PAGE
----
(Red box added for illustration)

The test results now appear in the right panel of the Test Explorer window:


Moving the Test Explorer window from the left side to the bottom gives you more horizontal space to view the tests and their execution times. It also gives you more space to view the test results.


April 21, 2010

VS 2010: Test View Error

Filed under: C#,Testing,VB.NET @ 11:01 pm

I was working on an application in Visual Studio 2010 today, opened the Test View window and got an exception as shown below.

Here is the first part of the error in text: "An exception was encountered while constructing the content of this frame…"

With the help of Chuck Sterling, I got an answer on how to fix the problem. It is detailed here:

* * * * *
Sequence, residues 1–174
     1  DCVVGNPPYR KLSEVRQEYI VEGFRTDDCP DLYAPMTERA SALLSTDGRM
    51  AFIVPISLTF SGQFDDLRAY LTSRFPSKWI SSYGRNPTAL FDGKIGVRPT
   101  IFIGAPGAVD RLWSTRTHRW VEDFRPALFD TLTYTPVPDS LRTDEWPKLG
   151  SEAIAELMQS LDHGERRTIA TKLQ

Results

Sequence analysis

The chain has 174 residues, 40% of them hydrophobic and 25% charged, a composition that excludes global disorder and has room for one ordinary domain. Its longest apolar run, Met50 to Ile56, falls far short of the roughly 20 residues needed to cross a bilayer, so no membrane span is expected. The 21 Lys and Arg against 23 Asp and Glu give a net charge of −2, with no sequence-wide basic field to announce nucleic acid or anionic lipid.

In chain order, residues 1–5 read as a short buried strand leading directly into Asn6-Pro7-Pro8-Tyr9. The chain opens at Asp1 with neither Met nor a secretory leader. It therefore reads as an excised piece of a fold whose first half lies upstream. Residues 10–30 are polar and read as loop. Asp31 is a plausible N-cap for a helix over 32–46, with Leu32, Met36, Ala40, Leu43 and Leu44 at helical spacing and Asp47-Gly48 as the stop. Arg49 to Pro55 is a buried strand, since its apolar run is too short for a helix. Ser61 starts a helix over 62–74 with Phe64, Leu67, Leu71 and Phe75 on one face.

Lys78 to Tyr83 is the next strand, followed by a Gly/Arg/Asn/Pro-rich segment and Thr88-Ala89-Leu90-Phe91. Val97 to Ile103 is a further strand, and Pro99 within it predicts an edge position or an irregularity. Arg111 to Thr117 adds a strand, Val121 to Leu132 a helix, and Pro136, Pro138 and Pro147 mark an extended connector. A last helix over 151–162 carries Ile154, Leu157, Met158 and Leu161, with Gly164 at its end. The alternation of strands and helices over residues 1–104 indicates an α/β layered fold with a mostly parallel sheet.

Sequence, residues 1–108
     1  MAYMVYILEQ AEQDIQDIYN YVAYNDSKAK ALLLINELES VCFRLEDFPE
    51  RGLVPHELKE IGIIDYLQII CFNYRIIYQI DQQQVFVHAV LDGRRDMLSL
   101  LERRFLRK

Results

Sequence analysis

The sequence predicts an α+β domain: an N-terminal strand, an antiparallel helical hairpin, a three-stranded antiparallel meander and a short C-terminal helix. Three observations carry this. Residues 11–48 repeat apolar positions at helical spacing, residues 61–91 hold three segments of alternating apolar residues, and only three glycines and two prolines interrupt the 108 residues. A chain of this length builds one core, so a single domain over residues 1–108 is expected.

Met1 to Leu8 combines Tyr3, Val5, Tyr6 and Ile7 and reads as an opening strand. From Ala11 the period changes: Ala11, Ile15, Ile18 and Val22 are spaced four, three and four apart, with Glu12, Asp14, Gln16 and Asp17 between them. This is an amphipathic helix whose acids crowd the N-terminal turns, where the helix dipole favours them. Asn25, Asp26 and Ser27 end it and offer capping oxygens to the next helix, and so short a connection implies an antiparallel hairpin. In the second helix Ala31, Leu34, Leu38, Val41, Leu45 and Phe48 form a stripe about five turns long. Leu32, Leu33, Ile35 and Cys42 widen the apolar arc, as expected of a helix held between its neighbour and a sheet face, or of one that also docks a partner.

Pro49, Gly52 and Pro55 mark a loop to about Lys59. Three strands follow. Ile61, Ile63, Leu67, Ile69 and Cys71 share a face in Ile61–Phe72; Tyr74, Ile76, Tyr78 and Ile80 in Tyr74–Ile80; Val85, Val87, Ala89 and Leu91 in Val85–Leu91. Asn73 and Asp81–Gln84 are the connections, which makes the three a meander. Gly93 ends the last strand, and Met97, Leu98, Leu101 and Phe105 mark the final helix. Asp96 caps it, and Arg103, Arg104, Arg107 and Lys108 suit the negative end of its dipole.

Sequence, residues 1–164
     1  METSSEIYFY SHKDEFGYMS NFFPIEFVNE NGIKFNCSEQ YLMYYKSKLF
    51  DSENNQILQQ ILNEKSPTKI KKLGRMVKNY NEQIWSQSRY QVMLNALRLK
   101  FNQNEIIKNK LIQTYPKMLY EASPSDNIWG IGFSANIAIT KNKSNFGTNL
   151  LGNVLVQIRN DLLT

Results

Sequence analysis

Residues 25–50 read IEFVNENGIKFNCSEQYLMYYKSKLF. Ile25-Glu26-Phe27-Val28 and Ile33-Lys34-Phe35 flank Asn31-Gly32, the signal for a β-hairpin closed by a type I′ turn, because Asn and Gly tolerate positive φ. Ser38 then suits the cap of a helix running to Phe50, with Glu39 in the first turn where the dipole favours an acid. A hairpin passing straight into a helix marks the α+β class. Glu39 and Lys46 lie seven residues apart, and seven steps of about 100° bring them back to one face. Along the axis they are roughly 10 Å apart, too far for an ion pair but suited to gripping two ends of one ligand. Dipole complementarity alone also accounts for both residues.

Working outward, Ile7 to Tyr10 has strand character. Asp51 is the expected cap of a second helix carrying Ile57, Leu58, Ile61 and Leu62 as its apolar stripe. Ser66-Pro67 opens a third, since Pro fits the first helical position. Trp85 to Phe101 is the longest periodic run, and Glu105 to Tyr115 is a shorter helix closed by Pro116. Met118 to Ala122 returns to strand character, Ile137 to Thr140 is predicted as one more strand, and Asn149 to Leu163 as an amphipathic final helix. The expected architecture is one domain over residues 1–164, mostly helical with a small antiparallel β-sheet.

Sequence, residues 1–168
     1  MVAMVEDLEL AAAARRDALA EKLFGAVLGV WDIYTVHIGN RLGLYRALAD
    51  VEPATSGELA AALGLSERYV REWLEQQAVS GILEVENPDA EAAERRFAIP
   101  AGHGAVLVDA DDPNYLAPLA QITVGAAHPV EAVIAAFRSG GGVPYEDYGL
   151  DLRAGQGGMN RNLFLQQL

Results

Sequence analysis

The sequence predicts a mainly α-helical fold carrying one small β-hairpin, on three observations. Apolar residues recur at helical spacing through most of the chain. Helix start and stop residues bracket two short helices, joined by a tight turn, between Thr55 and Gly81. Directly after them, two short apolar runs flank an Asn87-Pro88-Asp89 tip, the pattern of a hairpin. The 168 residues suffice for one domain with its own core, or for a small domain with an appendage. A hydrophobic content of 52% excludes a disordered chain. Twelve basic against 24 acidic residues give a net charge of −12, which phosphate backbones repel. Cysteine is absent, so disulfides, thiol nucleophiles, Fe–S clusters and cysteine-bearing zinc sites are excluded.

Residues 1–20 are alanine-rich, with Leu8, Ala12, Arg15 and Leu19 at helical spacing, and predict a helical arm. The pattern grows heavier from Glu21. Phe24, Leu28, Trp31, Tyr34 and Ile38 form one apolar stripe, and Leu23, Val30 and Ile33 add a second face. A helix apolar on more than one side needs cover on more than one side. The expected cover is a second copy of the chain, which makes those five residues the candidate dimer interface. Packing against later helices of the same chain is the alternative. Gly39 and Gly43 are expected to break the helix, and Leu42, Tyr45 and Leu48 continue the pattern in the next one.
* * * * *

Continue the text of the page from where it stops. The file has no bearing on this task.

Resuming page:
Thanks Chuck!


October 29, 2009

Unit Testing: Exposing Private Members

Filed under: C#,Testing,VB.NET @ 6:19 pm

Visual Studio 2008 (Professional Edition and above) provides a really nice set of tools for development and execution of unit tests. It is, of  course, easy for your tests to access the public properties and methods of your classes. But what about those private members?

[To begin with an overview of unit testing, start here.]

[To expose internal (C#) or friend (VB) members, see this post.]

You may have properties or methods in your class defined  to be private. This post details how to test those methods using the unit testing features in Visual Studio.